Noel Gallagher's High Flying Birds
With Noel Gallagher's High Flying Birds, singer, songwriter, and lead guitarist Noel Gallagher expanded on his former band Oasis' skill at combining Beatles-esque melodies and the power of the Who into arena-sized songs. On their 2011 self-titled debut, the band emphasized the craftsmanship of Gallagher's songwriting, and broadened their horizons on 2015's harder-edged Chasing Yesterday and 2017's vividly psychedelic Who Built the Moon? While all of these albums topped the charts, the electronic experiments on the band's EPs -- which included 2020's Blue Moon Rising -- proved Gallagher was still pushing the boundaries of British rock music, while the 2021 compilation Back the Way We Came, Vol. 1: 2011-2021 illustrated he assembled a sturdy songbook outside of Oasis. As the lead guitarist, songwriter, and occasional lead vocalist in Oasis, Noel Gallagher was at the forefront of the Brit-pop resurgence in the early '90s. When that band fell apart, he went solo with Noel Gallagher's High Flying Birds, a group that, much like Oasis, combined the melodies of the Beatles with the power of the Who in arena-sized songs over the course of the 2010s. The band formed in 2010 around the talents of Gallagher, former Oasis keyboard player Mike Rowe, Lemon Trees drummer Jeremy Stacey, and percussionist Lenny Castro. They released their debut single, "If I Had a Gun," in August 2011, and their eponymous full-length debut followed in mid-October. It reached number one in the U.K., also performing well across the globe and eventually selling over 2.5 million copies. In 2014, the single "In the Heat of the Moment" preceded the release of the High Flying Birds' second album, the self-produced Chasing Yesterday, in 2015. The record featured a guest appearance from guitarist Johnny Marr. The band embarked on a promotional tour that lasted over two years and visited 28 countries. A remix album entitled Where the City Meets the Sky: Chasing Yesterday: The Remixes saw release in the fall of 2015 and featured reworkings by the likes of Andrew Weatherall, and 3D of Massive Attack. Gallagher teamed with producer David Holmes and spent two years making Who Built the Moon?, a 2017 album that revived his love of noisy neo-psychedelia. The record debuted at number one on the U.K. charts, making it the tenth chart-topping album in a row for a Gallagher-led band. During the course of 2019, the High Flying Birds embarked on tours of the U.S. with Smashing Pumpkins and Australia with U2, while also headlining festivals. They also released a series of EPs that built upon the music on Who Built the Moon? and explored electronic sounds and danceable tempos alongside more traditional Gallagher fare. The first of these was Black Star Dancing, which arrived in June; it was followed in September by This Is the Place. Another EP, Blue Moon Rising -- which featured the single "Wandering Star" -- appeared in March 2020. Gallagher celebrated the tenth anniversary of his High Flying Birds with the 2021 compilation Back the Way We Came, Vol. 1: 2011-2021.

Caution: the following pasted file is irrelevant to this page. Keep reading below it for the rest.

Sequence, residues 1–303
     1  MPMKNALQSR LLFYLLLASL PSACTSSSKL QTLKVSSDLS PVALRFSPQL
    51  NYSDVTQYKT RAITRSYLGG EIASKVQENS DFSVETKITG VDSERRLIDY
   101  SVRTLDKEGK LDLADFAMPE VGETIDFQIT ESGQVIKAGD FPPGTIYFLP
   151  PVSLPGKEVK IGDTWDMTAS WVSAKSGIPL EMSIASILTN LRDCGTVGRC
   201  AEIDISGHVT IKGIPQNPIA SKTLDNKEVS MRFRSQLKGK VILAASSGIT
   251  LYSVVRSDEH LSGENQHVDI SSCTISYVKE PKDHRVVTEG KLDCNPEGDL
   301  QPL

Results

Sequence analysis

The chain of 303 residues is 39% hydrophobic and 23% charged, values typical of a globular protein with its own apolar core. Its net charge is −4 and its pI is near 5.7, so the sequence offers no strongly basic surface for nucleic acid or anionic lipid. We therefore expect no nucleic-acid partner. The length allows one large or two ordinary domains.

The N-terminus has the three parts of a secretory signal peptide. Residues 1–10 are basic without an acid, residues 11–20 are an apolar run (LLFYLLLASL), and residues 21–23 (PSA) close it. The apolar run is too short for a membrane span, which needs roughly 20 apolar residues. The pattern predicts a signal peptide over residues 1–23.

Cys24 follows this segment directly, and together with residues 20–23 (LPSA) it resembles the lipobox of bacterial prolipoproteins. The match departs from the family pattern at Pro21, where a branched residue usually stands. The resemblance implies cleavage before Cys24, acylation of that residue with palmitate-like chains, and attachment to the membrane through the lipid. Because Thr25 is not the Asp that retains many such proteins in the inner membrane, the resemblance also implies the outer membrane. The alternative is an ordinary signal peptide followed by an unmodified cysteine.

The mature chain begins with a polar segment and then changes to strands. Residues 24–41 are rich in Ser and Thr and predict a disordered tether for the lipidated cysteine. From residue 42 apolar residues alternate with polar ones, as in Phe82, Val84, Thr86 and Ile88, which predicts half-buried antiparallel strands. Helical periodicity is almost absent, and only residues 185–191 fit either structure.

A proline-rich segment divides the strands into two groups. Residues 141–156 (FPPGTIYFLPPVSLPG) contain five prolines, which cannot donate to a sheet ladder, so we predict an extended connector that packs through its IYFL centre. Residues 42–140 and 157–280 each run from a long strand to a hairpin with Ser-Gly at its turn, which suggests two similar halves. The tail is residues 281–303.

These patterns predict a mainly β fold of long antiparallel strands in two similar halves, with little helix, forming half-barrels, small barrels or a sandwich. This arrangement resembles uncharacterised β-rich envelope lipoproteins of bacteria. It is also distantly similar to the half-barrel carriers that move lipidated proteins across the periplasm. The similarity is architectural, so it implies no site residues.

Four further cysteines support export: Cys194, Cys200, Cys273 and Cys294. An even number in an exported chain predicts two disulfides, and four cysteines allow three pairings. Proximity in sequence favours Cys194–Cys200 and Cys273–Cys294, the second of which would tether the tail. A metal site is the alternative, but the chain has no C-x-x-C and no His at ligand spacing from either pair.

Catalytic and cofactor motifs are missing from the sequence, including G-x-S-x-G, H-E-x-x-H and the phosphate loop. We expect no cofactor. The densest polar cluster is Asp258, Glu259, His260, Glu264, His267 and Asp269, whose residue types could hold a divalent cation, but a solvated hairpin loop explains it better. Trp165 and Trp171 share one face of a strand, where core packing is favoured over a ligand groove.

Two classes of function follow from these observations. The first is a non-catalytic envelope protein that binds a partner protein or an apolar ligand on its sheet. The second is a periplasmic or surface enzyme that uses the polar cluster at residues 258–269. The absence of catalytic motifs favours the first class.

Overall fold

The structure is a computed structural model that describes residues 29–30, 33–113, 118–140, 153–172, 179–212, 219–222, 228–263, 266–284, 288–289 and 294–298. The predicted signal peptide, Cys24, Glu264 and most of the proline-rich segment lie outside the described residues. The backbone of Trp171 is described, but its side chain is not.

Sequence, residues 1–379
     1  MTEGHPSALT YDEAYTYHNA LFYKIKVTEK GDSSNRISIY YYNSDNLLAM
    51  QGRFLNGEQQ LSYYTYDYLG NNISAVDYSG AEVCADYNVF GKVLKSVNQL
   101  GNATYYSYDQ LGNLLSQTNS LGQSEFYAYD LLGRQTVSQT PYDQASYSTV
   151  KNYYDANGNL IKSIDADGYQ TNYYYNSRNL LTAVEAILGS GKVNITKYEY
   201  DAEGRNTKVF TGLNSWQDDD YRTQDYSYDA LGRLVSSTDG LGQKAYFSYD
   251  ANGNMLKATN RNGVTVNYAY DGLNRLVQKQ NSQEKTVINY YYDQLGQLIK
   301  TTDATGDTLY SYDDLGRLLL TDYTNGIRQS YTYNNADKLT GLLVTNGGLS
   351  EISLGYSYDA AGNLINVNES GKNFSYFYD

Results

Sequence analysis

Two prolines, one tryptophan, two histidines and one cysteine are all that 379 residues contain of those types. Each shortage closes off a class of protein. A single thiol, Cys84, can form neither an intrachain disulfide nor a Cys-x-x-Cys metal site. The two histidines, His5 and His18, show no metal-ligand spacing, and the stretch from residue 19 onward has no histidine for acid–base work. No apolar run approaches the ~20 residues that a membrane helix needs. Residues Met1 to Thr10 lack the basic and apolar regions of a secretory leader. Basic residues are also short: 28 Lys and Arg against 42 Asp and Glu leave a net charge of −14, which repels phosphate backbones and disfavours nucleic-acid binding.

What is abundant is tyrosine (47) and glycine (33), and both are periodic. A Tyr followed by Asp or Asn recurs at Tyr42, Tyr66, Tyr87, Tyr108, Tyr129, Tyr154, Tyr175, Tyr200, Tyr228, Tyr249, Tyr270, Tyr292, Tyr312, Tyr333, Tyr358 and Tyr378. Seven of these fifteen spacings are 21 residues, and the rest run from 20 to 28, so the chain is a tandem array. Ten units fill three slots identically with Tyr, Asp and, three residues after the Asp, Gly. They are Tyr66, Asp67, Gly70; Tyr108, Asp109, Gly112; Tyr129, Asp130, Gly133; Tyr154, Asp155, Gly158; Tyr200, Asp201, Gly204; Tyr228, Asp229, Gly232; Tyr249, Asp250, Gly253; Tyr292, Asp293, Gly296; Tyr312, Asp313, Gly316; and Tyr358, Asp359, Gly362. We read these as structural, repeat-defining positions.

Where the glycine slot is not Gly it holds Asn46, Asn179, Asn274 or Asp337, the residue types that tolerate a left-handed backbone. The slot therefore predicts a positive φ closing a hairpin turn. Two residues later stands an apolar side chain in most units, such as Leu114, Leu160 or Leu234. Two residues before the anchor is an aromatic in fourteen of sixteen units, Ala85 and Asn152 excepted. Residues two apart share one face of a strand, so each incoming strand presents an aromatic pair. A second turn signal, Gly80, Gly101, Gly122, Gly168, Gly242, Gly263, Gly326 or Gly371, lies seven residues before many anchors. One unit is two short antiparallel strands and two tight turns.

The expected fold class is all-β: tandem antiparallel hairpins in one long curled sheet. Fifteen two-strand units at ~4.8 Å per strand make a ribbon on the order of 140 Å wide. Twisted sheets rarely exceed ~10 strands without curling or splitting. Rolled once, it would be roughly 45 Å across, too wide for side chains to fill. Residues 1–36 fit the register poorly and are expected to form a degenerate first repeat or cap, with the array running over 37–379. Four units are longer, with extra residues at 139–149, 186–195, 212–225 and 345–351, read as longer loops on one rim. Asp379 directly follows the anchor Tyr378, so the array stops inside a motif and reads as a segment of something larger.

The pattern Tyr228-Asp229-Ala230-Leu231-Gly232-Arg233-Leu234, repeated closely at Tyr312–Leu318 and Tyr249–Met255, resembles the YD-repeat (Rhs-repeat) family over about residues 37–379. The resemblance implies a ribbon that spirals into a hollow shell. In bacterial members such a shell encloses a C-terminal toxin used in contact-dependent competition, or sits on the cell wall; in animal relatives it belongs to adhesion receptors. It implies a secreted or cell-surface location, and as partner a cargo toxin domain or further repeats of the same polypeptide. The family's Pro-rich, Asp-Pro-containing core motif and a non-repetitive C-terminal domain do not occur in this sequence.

© James Christopher Monger & Tim Sendra /TiVo
© James Christopher Monger & Tim Sendra /TiVo
28 albums sorted by Most acclaimed
Narrow my search
Alternative & Indie - Released January 1, 2011 | Mercury Records
Oasis always thrived on tension between the Brothers Gallagher -- not the interpersonal squabbles but their conflict between instinct and discipline. Liam personified the former while Noel flew the flag for the latter and their distinct, differing definitions of rock & roll continued to churn out exciting rock & roll until the end, when Liam’s cavalier attitude toward work proved the final straw for the elder Gallagher. Unsurprisingly, the first solo projects from the two reflected this dichotomy: Liam’s Beady Eye is all big-legged swagger; Noel’s High Flying Birds is tasteful, mannered craftsmanship. Noel often griped how Liam would prevent Oasis from doing anything unexpected, thereby raising expectations of left turns on High Flying Birds, but the little brass flourishes peppered throughout the record don’t stop the album from playing like a succession of variations on “Don’t Look Back in Anger” and “The Importance of Being Idle.” Craftsman that he is, Gallagher does come up with several keepers -- the Oasis carryovers “Stop the Clocks” and “(I Wanna Live in a Dream in My) Record Machine,” “If I Had a Gun...,” “Everybody’s on the Run” -- but his success ratio is no greater than it was on the last two Oasis albums, where his best tunes were buttressed by good ones from his brother and Andy Bell. Take the highlights from Beady Eye’s Different Gear, Still Speeding and add them to the highlights from High Flying Birds, and you’ll wind up with a balanced, better record than either individual LPs -- and in a direct competition the elder Gallagher comes up just a little short, as he’s missing anything resembling rock & roll, skimping on quick tempos and loud guitars. © Stephen Thomas Erlewine /TiVo